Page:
We have also heard about the “speed traps” set up by small town cops and rural sheriff deputies.
That may be commonplace as cities and states scramble to cope with budget deficits in a recession.
From a USA Today report last spring:
The recession may be claiming a new victim: the 5-10-mph "cushion" police and state troopers across the USA have routinely given motorists exceeding the speed limit.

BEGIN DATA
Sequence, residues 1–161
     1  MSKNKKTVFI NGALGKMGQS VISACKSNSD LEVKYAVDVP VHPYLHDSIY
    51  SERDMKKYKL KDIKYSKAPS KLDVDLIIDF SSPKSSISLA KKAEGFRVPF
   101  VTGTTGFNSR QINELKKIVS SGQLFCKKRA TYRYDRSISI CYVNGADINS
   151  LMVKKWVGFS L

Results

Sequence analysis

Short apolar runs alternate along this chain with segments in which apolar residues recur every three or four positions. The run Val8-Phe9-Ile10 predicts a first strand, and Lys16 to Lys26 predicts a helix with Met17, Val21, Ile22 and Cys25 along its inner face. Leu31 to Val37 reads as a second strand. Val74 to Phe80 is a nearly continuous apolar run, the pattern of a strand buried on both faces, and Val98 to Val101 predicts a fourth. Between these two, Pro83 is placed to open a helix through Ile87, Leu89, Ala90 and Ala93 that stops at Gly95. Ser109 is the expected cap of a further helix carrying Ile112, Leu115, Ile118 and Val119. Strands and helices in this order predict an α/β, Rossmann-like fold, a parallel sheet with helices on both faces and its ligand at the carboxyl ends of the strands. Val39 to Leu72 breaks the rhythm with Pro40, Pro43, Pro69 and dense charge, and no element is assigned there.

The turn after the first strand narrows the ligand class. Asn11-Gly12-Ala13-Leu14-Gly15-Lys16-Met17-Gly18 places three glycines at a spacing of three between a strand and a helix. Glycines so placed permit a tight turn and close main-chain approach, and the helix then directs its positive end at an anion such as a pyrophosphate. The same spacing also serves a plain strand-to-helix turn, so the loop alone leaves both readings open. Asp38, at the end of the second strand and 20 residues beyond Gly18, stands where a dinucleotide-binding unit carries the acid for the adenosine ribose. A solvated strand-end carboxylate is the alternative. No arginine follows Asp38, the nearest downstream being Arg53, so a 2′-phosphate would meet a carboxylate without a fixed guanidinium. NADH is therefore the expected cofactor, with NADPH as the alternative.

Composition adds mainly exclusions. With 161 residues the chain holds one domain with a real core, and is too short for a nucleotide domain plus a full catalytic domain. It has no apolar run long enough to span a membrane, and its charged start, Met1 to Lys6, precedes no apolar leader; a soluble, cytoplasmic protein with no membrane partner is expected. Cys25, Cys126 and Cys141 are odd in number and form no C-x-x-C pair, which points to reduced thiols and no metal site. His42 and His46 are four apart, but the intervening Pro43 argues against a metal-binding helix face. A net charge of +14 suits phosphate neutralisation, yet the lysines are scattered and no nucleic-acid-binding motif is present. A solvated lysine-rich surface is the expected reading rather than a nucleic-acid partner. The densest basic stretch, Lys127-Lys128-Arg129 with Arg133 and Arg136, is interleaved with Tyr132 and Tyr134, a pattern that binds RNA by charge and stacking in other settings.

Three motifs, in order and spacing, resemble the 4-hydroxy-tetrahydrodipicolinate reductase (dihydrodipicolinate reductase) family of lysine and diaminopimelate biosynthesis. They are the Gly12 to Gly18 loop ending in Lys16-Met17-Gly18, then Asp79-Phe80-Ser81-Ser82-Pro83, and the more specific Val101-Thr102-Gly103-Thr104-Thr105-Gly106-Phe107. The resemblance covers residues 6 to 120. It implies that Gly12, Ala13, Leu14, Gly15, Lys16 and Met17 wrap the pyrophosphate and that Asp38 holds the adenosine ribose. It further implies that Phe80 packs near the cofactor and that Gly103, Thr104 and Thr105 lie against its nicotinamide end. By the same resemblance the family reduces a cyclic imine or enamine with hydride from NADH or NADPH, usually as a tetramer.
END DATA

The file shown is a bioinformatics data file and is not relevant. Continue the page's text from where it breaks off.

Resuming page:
As cities and states scramble to fill budget gaps with revenue from traffic citations, "not only are the (speeding) tolerances much lower, but the frequency of a warning instead of a ticket is way down," says James Baxter, president of the National Motorists Association, a Wisconsin-based drivers' rights group that helps its members fight speeding tickets.
Most people, if they're stopped now, are getting a ticket even if it's only a minor violation of a few miles per hour," Baxter says. He cites anecdotal evidence of drivers being pulled over at slower speeds.